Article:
November 20, 1963. Rehearing Denied January 8, 1964.
Appeal from the 81st District Court, Wilson County, John F. May, J.
Elbert R. Jandt, Seguin, for appellant.
L. Sanborn McDowell, Floresville, Vandygriff, Presnal Scofield, Austin, for appellee.
This suit for a divorce was instituted in the District Court of Wilson County, Texas, by Eunice Haiduk against Dan J. Haiduk. The case was tried before the court without the intervention of a jury and resulted in judgment granting the divorce, awarding all of the real estate and part of the personal property to plaintiff, and further awarding to her the custody of their two minor children, and requiring defendant to pay the sum of $200.00 per month for the support of the children; from which judgment the defendant, Dan J. Haiduk has prosecuted this appeal.
Appellant's first contention is that the general allegations in appellee's petition for divorce are insufficient. Such allegations read as follows:
"On or about the 1st day of April, 1962, Defendant disregarded the solemnity of his marriage vow, and of his obligation of kind treatment toward the Plaintiff, commenced a course of unkind, harsh and tyrannical treatment which continued with very slight intermissions until Plaintiff finally separated from the Defendant on May 1, 1962. On numerous occasions during said period of time, Defendant was guilty of excesses, cruel treatment and outrages toward Plaintiff, of such a nature as to render their further living together insupportable, in consequence of which plaintiff's health has been impaired and it has become impossible for her to continue living with the Defendant.'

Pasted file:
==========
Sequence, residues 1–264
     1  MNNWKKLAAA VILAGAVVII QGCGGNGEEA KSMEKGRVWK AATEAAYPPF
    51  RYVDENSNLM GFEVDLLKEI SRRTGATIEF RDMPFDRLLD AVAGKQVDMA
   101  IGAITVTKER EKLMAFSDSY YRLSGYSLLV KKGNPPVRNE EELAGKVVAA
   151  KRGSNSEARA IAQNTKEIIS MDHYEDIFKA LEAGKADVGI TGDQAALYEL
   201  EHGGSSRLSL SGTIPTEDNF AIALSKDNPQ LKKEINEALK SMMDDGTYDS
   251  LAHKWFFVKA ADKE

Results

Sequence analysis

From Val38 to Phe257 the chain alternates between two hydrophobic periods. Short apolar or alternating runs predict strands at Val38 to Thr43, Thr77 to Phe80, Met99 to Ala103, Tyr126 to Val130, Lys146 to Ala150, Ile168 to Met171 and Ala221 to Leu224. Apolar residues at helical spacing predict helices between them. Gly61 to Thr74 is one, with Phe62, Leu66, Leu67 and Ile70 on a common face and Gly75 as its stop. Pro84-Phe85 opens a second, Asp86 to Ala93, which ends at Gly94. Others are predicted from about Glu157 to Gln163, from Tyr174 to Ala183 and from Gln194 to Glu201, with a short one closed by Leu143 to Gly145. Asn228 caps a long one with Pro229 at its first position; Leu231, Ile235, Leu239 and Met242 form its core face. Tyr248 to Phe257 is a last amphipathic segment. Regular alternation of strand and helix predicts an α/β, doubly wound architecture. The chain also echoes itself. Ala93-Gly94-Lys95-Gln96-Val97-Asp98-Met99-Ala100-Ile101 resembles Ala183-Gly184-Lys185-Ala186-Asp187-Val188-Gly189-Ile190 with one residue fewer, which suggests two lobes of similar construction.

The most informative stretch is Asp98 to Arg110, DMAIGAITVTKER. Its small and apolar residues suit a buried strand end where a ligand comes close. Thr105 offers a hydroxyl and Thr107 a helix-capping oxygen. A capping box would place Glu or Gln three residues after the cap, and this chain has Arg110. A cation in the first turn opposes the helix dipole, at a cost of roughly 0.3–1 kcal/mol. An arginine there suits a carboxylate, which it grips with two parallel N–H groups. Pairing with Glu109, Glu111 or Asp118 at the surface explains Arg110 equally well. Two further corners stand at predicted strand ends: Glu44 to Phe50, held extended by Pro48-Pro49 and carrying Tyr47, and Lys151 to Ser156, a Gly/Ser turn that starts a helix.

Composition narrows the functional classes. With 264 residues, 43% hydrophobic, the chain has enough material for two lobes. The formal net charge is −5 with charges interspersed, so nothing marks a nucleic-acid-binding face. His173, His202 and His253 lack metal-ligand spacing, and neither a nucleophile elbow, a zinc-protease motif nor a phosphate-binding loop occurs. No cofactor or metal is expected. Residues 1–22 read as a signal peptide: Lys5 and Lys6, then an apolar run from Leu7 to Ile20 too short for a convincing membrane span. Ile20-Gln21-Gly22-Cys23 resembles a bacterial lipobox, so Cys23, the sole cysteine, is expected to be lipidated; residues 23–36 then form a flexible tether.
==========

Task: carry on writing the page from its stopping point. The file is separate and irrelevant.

The sufficiency of these allegations was not challenged by special exceptions or in any other way. Appellant filed a general denial and was represented at the trial by counsel of his own choice.
In the absence of special exceptions, the allegations were sufficient. Art. 4629, Vernon's Ann.Civ.Stats.; Rule 90, Texas Rules of Civil Procedure; McCullough v. McCullough, 120 Tex. 209, 36 S.W.2d 459; Burks v. Burks, Tex.Civ.App., 252 S.W.2d 226; Kollenborn v. Kollenborn, Tex.Civ.App., 273 S.W.2d 660; Sloan v. Sloan, Tex.Civ.App., 228 S.W.2d 294; Renfro v. Renfro, Tex.Civ.App., 80 S.W.2d 348.
Appellant next contends that the allegations of cruel treatment were not supported by clear and satisfactory proof. We overrule this contention. There was no request for findings of fact by the trial court, so we must view the evidence in a light most favorable to appellee. When this is done, we find the evidence sufficient, clear, and satisfactory.